At the end of Saturday's Red River Rivalry game, Texas quarterback Case McCoy slung a Hail Mary downfield that was caught by the Longhorns' John Harris for a touchdown.
The referee announced the game had ended after the touchdown and no PAT would be attempted.
According to the NCAA's rules, if a touchdown is scored as time expires, the period can be extended for a PAT attempt, unless it happens in the fourth quarter and the extra points would not affect the game's outcome.
A similar situation occurred during Week 3 of the NFL season, but with different results. Seattle quarterback Russell Wilson lofted a pass into the end zone as the final seconds expired in the Seahawks' game against the Green Bay Packers.
In Seattle, the field was flooded with players, media and absolute confusion. The Packers ran to their locker room before the final PAT was attempted, but eventually came back out for the attempt because NFL rules require it; point differential is a playoff tiebreaker.
JEFFERSON EARNS WEEKLY THORPE HONOR
Oklahoma City's weekly college football award is finally staying in-state.
OU safety Tony Jefferson was named the Jim Thorpe Defensive Back of the Week on Wednesday afternoon, making him the second Big 12 player (but first in the state) to win the weekly award this season.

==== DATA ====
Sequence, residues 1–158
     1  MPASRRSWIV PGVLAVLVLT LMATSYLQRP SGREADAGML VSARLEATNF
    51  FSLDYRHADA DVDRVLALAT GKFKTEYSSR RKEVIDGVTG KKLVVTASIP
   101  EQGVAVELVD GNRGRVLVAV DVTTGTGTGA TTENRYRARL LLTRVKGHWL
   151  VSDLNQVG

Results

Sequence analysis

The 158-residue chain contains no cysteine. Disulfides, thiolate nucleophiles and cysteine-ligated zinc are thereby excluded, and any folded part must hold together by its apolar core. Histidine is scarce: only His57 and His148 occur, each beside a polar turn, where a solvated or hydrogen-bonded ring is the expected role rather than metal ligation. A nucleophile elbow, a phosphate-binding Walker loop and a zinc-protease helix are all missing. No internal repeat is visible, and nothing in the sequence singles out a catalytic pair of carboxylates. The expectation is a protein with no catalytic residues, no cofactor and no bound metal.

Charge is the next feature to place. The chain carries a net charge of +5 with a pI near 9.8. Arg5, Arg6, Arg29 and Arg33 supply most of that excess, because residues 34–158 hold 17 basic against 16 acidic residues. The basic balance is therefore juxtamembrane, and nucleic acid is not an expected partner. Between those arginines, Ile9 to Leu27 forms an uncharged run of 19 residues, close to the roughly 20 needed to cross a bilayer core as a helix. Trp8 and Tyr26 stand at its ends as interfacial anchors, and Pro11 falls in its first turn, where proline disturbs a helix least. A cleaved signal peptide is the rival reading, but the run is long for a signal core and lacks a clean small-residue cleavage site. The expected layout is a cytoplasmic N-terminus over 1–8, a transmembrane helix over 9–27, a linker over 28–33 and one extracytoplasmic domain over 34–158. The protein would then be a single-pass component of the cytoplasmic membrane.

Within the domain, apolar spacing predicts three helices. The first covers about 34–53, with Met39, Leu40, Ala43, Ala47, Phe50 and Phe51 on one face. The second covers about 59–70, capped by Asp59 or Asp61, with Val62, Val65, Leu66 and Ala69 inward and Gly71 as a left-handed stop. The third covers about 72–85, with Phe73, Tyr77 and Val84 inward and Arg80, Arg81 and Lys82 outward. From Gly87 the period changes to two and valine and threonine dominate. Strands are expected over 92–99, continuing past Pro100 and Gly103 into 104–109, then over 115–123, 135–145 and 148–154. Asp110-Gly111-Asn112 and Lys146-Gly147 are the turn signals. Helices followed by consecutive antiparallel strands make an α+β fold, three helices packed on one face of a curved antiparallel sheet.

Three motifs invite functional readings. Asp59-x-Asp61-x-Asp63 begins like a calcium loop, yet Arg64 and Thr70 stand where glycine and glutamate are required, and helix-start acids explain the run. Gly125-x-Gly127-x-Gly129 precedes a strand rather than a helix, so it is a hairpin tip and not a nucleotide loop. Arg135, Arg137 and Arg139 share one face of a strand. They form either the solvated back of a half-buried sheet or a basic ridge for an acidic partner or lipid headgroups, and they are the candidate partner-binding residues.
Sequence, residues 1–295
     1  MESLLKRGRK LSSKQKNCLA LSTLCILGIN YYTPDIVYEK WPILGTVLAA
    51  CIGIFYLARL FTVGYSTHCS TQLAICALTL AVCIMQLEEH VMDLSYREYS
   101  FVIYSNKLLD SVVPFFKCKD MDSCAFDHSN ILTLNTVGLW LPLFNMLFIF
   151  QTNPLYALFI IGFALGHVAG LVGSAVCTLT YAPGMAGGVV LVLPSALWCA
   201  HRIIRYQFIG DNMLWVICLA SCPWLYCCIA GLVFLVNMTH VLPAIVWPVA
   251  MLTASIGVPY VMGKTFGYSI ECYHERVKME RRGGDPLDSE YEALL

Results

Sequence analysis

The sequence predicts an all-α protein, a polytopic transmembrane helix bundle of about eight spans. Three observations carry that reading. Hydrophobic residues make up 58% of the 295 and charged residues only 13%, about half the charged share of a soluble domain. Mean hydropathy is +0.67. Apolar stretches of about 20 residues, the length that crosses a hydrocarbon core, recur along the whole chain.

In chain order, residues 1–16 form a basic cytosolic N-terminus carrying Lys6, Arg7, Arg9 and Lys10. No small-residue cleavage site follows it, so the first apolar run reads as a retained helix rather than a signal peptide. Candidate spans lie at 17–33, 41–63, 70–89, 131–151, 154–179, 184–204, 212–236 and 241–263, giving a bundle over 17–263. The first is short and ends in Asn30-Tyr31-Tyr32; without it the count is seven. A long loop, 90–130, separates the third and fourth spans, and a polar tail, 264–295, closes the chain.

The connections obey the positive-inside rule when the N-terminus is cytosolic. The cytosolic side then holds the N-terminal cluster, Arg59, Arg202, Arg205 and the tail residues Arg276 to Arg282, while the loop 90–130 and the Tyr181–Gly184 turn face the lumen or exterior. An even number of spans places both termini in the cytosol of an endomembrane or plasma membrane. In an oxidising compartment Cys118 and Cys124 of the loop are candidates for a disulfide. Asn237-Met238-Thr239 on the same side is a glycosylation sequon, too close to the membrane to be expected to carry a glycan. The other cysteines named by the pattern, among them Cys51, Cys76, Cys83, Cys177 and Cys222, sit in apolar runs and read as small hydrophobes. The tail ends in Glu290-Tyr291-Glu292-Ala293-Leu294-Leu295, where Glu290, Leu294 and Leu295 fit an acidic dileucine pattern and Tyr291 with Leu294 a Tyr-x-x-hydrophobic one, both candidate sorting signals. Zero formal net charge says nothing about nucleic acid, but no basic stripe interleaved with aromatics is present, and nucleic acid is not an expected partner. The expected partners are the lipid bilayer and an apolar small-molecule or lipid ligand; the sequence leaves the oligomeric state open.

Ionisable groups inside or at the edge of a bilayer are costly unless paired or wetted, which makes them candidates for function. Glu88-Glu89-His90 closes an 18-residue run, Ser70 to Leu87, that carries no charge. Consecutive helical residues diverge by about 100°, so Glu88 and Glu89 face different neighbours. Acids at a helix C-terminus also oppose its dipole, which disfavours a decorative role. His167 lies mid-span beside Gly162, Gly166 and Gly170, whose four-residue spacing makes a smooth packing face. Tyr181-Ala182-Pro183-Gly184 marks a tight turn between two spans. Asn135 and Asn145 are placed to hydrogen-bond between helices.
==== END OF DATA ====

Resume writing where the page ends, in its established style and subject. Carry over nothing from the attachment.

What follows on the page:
Jefferson played a starring role in the Sooners' 63-21 domination of Texas in Dallas on Saturday, recording a team-high seven tackles (including two for a loss) and one interception.
Jefferson, an immediate star at Oklahoma, has been a key cog in the Sooners' defensive resurgence under new (and old) coordinator Mike Stoops this year.
He leads OU with 37 tackles, including a career-high 14 in the loss to Kansas State, often looking like the best player on the field and a guy who could soon be doing this for a living on Sundays.
Before the season, Jefferson was placed on the Jim Thorpe preseason Watch List. And, given the way he's played, there's a decent chance he'll be named a finalist for the Thorpe Award later this season, given out annually at the Jim Thorpe Museum in Oklahoma City to the nation's best defensive back.